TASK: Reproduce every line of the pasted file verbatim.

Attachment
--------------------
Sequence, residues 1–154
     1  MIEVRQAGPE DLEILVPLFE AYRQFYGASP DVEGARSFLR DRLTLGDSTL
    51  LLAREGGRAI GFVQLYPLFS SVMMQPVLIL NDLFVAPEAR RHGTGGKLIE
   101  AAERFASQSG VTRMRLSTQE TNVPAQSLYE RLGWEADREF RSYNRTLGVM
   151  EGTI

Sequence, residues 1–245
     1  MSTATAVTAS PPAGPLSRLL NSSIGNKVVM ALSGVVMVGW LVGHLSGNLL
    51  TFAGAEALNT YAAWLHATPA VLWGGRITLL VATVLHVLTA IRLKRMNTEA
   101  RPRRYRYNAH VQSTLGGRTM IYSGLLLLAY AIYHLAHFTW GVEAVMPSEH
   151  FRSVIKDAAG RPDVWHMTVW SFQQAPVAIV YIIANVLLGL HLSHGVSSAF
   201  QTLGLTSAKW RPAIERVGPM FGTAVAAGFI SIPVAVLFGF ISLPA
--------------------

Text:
Sequence, residues 1–154
     1  MIEVRQAGPE DLEILVPLFE AYRQFYGASP DVEGARSFLR DRLTLGDSTL
    51  LLAREGGRAI GFVQLYPLFS SVMMQPVLIL NDLFVAPEAR RHGTGGKLIE
   101  AAERFASQSG VTRMRLSTQE TNVPAQSLYE RLGWEADREF RSYNRTLGVM
   151  EGTI

Sequence, residues 1–245
     1  MSTATAVTAS PPAGPLSRLL NSSIGNKVVM ALSGVVMVGW LVGHLSGNLL
    51  TFAGAEALNT YAAWLHATPA VLWGGRITLL VATVLHVLTA IRLKRMNTEA
   101  RPRRYRYNAH VQSTLGGRTM IYSGLLLLAY AIYHLAHFTW GVEAVMPSEH
   151  FRSVIKDAAG RPDVWHMTVW SFQQAPVAIV YIIANVLLGL HLSHGVSSAF
   201  QTLGLTSAKW RPAIERVGPM FGTAVAAGFI SIPVAVLFGF ISLPA